Gugong, the Forbidden City, is easily *the* tourist attraction in China (aside perhaps from the Great Wall), nowadays.
Buddhist objects can be found in many places here, in what is now officially the Beijing Palace Museum. And yet, the Buddhist history is quite hidden.
It is only with descriptions of some places and talk about the people who lived – and worshiped – there that one notices the role that Buddhism had oftentimes played at the Chinese Imperial court.
The “Eastern Warmth Chamber” of the Shoukang Gong, the “Palace of Longevity and Health”, for example, is described as having been a Buddhist prayer room.
The Qianlong Emperor placed a golden stupa (of the size of a model of a stupa) here to enshrine a somewhat interesting kind of “relic:” The hair of his deceased mother, the Empress Dowager Chongqing.
It is interesting because a relic should be of a saint, normally – and the emperors and empresses who were close to Buddhism (there had also been some who opposed the religion), not least the last Empress Dowager Cixi, fashioned themselves Buddhas.
Cixi was known as Lao Foye, “Old Buddha”…
Temples and Tribute
Many objects, often – and especially in the case of Tibetan ones – presented to the imperial court as tribute, are to be found in many halls and palaces of the Forbidden City.
Not all came from Tibet, though; there were also Chinese-Mongolian workshops for such objects, even within the palace.
The Qing court apparently donated as well as received Buddhist statues and other paraphernalia.
The history of Buddhism in China (and Mongolia and Tibet) here becomes much more complicated than a mere tributary system, imperial takeover, or similar…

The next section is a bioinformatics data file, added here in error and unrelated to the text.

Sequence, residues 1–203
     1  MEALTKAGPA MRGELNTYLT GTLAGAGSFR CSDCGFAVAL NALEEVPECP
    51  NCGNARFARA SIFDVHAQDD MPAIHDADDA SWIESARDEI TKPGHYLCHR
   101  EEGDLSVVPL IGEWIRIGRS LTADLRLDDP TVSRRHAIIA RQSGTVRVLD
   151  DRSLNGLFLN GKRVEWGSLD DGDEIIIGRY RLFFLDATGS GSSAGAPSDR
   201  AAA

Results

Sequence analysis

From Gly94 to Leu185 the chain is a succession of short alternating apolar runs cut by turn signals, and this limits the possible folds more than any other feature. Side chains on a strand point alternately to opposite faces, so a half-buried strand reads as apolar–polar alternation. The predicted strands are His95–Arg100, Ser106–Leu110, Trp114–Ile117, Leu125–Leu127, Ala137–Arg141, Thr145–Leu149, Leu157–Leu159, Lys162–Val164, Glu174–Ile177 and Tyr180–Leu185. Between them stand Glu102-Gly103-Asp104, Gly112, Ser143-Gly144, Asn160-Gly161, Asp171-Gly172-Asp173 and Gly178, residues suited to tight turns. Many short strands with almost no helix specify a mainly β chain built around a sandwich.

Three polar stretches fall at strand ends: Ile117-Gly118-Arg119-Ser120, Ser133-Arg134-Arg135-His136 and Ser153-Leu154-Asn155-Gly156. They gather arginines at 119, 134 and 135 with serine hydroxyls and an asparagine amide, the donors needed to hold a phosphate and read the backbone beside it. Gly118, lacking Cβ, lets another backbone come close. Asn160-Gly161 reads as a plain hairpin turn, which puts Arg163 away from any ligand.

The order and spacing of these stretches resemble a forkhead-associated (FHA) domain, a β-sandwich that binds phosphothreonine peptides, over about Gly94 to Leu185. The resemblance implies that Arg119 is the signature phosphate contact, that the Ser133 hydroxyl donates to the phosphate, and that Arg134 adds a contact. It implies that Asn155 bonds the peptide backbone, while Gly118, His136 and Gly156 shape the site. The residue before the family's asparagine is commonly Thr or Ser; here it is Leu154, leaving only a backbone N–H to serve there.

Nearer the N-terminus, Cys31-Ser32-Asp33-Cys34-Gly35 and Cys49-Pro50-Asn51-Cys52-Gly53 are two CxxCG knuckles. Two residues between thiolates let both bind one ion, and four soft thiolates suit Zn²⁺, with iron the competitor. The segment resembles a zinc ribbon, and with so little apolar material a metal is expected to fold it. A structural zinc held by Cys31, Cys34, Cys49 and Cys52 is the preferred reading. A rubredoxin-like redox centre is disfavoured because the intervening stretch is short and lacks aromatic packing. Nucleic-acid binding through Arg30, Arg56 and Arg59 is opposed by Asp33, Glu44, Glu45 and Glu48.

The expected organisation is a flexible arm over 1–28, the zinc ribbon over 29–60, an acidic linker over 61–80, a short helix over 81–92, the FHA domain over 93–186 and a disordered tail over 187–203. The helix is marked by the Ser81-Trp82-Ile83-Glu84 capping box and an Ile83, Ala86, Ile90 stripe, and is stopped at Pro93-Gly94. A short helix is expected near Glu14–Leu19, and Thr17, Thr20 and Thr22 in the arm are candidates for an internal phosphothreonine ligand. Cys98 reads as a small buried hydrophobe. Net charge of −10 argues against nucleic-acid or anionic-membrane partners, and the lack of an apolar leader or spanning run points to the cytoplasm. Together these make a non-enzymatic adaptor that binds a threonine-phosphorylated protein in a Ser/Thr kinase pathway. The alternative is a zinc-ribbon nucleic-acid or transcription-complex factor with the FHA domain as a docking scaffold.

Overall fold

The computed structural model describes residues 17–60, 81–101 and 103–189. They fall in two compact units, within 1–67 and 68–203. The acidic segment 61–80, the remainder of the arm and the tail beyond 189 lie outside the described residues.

There is something conspicuously absent, however.
At least, the absence becomes conspicuous when one has seen old photographs such as those of Philipp Alfons Freiherr Mumm von Schwarzenstein, who had been the German Empire’s ambassador to Beijing in 1900:
His diary of photos includes several places in the Forbidden City that he labeled as temples.
The Zhongzhengdian and Yu-hua-ge
Currently the most interesting place, if by absence, is the Zhongzheng Dian (“Hall of Rectitude”) complex in the northwest of the Forbidden City.
This hall and surrounding structures such as the Yu-hua-ge, the Pavilion of Raining Flowers (or Flower Rain? or Rain and Flowers?… translations differ) was a major Buddhist complex in the Forbidden City.
From 1690, it served as a place for the recitation of Buddhist sutras and workshop for religious imagery; the Yu-hua-ge was the Hongli Emperor’s private chapel.
In 1923, the complex fell victim to a fire.
In 2012, restoration work was reported as finished. The complex was said to (have) become the home of a/the Research Center for Tibetan Buddhist Heritage and unified galleries for the Palace Museum’s collection of Tibetan Buddhist objects.
It was presented with photos of visitors taking photos (by China Daily), described as set to open to visitors in a few more years, at most (in the New York Times)…
And then nothing happened.
I tried to find the place repeatedly, asked guides and guards in the Forbidden City about it – and everyone proclaimed ignorance of its very existence.
According to reporting from 2017, the Zhongzhengdian (and it surroudings) remains closed to visitors, it may only become “visible” in virtual museum tours to be brought online.
Other “Hidden Temples”
Funnily, other places of Buddhist import were to be found. In odd ways, as well.
For one, there used to be a virtual tour of what was described as a Buddhist hall on the Palace Museum’s website. It seems to have disappeared again, however.
Maybe even more fittingly for the way things often go with religious structures – and so many other things – is the example of the two pavilions in the Imperial Gardens:
The Qianqiu Ting (Pavilion of One Thousand Autumns) and Wanchun Ting (Pavilion of Ten Thousand Springs) used to house Buddhist statues.
Every visitor who tours the Forbidden City will probably walk past them, on the way through the gardens towards the exit. But, if you do not know that these pavilions used to have a (Buddhist) religious meaning, you would just walk past them without learning about that.